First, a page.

In gross review of the vast piscine fauna distributed around the globe, there are perhaps few families of fish that can rival the unparalleled beauty and elegance that comes with the marine angelfishes of the family Pomacanthidae. Their painterly brilliance, comical personalities and intelligent nature have secured their iconic position amongst a buzzing plethora of reef denizens in which they share their aquatic home with. Needless to say, their captivating and inviting qualities have piqued the interest of naturalists and aquarists alike, seeking to appreciate their beauty both in the field, as well as in the home aquaria. But, while angelfish in general are fabulously well known and studied (you’ll be hard pressed to find a new species these days!), their systematic classifications have mostly been in disarray. In the grand scheme of bony fish evolution, we know that angelfishes are a relatively recent arrival, having separated from a common ancestor with the butterflyfishes (Chaetodontidae) around 52 million years ago (MYA). During this time, the larger angelfish species were the first to diverge, forming what we now know today as Holacanthus, Pomacanthus and Chaetodontplus. The dwarf angelfishes only diverged much later, sharing a common ancestor with Pygoplites around 30-33 MYA. While Pygoplites superficially resemble very little to the modern day dwarf angelfish, its predilection for crypsis and a generally cloistered lifestyle hints at a slight likeness to those of Centropyge. Recent molecular studies have elucidated the long awaited phylogeny of angelfishes, in particular, shedding light on the more taxonomically speciose Centropyge.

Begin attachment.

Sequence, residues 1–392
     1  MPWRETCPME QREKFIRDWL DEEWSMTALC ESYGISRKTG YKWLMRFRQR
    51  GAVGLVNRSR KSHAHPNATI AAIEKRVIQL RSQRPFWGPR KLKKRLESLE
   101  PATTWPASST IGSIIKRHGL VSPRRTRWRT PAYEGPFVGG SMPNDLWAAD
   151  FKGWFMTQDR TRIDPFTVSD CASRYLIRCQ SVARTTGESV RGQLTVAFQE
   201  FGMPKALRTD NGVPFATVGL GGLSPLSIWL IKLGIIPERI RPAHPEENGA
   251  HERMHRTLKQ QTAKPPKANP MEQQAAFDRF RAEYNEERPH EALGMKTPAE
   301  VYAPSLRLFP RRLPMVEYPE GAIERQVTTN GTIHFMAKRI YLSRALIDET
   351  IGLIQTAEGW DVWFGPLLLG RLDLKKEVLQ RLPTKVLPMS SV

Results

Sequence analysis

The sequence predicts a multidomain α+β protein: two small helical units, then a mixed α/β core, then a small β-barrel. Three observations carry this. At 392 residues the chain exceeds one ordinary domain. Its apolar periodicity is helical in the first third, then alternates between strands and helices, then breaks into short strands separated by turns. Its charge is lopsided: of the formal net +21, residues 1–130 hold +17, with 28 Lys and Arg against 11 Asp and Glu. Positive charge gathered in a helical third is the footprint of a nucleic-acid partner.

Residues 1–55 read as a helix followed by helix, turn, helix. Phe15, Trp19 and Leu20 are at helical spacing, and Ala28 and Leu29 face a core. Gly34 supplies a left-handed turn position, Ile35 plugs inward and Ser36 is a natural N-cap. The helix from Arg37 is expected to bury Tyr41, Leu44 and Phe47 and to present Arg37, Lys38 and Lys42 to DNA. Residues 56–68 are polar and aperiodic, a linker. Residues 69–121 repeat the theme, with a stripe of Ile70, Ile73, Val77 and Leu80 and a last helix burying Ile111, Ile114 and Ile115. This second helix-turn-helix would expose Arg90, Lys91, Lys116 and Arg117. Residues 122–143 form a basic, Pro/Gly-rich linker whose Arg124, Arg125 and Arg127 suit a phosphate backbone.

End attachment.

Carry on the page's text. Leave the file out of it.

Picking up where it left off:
These three angelfishes form an unexpected clade within the phylogeny of Pomacanthidae. Note the placement of narcosis’ spot versus arcuatus’ stripe and colini’s back. Photo credit: Lemon TYK.
A recent phylogenetic study conducted by Gaither et al., reveals Centropyge to be paraphyletic. In addition, Genicanthus and Apolemichthys are found to be nestled deep within the dwarf angelfish tree, sharing a common ancestor with many of these “Centropyge” groups. More surprising, however, is the discovery of a sister clade comprising three unlikely species – one of which hardly comes to mind when pondering the intricacies of Centropyge. They are Centropyge colini, narcosis and Apolemichthys arcuatus.